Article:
# Basis Representation Theorem for Ordinals

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## Theorem

Let $x$ and $y$ be ordinals.

Let $x > 1$ and $y > 0$.

Then there exist unique finite sequences of ordinals:

$\left\langle{a_i}\right\rangle, \ \left\langle{b_i}\right\rangle$

both of unique length $n$ such that:

$(1): \quad \left\langle{a_i}\right\rangle$ is a strictly decreasing sequence for $1 \le i \le n$
$(2): \quad 0 < b_i < x$ for all $1 \le i \le n$
$(3): \quad \displaystyle y = \sum_{i \mathop = 1}^n x^{a_i} b_i$

## Proof

The proof shall proceed by Transfinite Induction (Strong Induction) on $y$.

The inductive hypothesis states that for all $v < y$, there exist unique finite sequences of ordinals:

$\left\langle{c_i}\right\rangle, \ \left\langle{d_i}\right\rangle$

both of unique length $n$ such that:

$(1): \quad \left\langle{c_i}\right\rangle$ is strictly decreasing sequence for $1 \le i \le n$
$(2): \quad 0 < d_i < x$ for all $1 \le i \le n$.
$(3): \quad \displaystyle v = \sum_{i \mathop = 1}^n x^{c_i} d_i$

Since $x > 1$, it follows by Unique Ordinal Exponentiation Inequality that:

$x^z \le y < x^{z+1}$

for some unique $z$.

$y = x^z w + v$ and $v < x^z$

for some unique $z$, $w$, and $v$.

Thus:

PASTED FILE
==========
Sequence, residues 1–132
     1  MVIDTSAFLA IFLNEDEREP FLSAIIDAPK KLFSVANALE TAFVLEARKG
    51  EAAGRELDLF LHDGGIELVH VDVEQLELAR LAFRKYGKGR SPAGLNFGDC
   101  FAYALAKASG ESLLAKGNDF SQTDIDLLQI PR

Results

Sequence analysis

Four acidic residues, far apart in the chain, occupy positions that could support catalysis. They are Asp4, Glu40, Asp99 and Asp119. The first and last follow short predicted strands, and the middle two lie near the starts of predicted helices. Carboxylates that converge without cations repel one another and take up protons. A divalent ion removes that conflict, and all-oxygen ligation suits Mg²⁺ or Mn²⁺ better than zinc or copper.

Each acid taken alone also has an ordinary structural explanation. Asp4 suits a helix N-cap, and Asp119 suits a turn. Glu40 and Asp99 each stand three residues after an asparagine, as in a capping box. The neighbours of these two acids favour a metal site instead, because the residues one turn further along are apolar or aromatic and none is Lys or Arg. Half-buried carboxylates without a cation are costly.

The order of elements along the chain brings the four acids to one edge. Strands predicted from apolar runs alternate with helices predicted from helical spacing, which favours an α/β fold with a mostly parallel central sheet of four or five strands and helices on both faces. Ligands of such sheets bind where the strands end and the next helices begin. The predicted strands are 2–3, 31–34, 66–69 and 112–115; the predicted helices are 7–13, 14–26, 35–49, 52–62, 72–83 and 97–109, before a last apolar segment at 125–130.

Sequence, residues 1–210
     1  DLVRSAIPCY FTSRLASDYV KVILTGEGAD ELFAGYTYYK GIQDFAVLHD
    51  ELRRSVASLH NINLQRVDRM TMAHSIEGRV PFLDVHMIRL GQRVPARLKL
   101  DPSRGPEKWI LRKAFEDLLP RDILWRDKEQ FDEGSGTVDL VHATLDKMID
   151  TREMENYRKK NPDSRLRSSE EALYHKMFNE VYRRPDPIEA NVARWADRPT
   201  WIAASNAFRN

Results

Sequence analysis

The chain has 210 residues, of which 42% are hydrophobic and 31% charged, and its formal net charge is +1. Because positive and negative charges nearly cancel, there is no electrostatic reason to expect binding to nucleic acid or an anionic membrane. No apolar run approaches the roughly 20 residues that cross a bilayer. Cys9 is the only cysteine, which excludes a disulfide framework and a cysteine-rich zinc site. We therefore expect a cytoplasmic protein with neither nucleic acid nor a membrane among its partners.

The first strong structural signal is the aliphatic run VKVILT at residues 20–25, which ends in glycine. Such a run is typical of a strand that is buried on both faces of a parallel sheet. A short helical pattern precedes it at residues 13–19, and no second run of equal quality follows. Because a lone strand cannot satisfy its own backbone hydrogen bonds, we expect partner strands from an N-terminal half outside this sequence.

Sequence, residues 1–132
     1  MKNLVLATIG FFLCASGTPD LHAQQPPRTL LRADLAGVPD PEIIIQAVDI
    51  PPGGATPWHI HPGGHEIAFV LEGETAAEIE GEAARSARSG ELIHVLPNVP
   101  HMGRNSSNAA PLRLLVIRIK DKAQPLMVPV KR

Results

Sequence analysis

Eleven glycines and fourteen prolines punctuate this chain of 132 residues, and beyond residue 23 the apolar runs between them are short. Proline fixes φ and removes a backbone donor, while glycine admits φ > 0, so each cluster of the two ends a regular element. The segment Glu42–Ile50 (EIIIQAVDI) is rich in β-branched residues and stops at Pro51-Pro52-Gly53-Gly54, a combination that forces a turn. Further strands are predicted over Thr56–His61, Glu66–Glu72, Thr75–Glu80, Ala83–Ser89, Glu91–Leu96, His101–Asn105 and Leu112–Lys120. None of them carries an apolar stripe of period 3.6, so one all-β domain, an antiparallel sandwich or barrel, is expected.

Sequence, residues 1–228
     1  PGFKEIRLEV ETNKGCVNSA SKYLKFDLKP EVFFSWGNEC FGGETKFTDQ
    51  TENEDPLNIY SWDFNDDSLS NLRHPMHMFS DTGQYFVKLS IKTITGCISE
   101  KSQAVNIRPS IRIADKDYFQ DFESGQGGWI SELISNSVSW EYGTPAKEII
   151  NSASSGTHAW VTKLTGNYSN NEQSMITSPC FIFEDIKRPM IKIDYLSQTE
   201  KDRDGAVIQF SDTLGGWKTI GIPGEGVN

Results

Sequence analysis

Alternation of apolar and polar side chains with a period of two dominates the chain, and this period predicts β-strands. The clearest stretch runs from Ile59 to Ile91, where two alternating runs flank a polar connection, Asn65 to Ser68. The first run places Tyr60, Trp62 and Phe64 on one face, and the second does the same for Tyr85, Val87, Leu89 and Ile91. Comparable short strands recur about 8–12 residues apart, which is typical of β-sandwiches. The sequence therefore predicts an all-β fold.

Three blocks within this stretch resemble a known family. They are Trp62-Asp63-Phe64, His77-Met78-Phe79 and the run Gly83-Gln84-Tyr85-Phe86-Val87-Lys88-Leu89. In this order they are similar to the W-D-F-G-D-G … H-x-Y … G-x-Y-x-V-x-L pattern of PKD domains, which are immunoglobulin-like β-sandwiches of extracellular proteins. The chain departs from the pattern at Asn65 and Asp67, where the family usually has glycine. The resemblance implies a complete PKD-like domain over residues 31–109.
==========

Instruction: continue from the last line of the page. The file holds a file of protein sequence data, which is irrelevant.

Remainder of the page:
$\displaystyle v$ $<$ $\displaystyle x^z$ by Division Theorem for Ordinals, as shown above $\displaystyle$ $\le$ $\displaystyle y$ by Unique Ordinal Exponentiation Inequality, as shown above

So $v < y$.

If $v = 0$, then the statement is proven.

If $v \ne 0$, then we may apply the inductive hypothesis.

By the inductive hypothesis,

$\displaystyle v = \sum_{i \mathop = 1}^n x^{c_i} d_i$

Therefore, $\displaystyle y = x^z w + \sum_{i \mathop = 1}^n x^{c_i} d_i$

$\Box$

Set:

$a_1 = z$
$a_{i + 1} = c_i$ for $1 \le i \le n$
$b_1 = w$
$b_{i + 1} = d_i$ for $1 \le i \le n$

Since $w \ne 0$ and $d_i \ne 0$, it follows that $b_i \ne 0$ for all $1 \le i \le n+1$.

$\Box$

Moreover, since $z > c_1$ and $\left\langle{c_i}\right\rangle$ is strictly decreasing, it follows that also $\left\langle{a_i}\right\rangle$ is strictly decreasing.

$\Box$

The equation for the first lemma can be rewritten:

$\displaystyle y = x^{a_1} b_1 + \sum_{i \mathop = 1}^n x^{a_{i + 1} } b_{i + 1}$

By General Associative Law for Ordinal Sum, it follows that:

$\displaystyle y = \sum_{i \mathop = 1}^{n + 1} x^{a_i} b_i$

Thus, existence is proven.

$\Box$

Furthermore, since $z$ and $\left\langle{c_i}\right\rangle$ are unique, and $w$ and $\left\langle{a_i}\right\rangle$ are unique, then $\left\langle{a_i}\right\rangle$ and $\left\langle{b_i}\right\rangle$ are unique.

$\blacksquare$